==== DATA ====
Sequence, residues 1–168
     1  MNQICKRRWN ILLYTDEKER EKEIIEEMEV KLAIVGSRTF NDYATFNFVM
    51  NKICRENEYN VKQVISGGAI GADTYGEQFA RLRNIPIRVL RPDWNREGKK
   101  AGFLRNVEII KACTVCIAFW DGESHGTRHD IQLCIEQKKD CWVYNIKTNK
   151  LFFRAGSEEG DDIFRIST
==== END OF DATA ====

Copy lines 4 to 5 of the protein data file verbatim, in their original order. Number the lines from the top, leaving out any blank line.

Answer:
   101  AGFLRNVEII KACTVCIAFW DGESHGTRHD IQLCIEQKKD CWVYNIKTNK
   151  LFFRAGSEEG DDIFRIST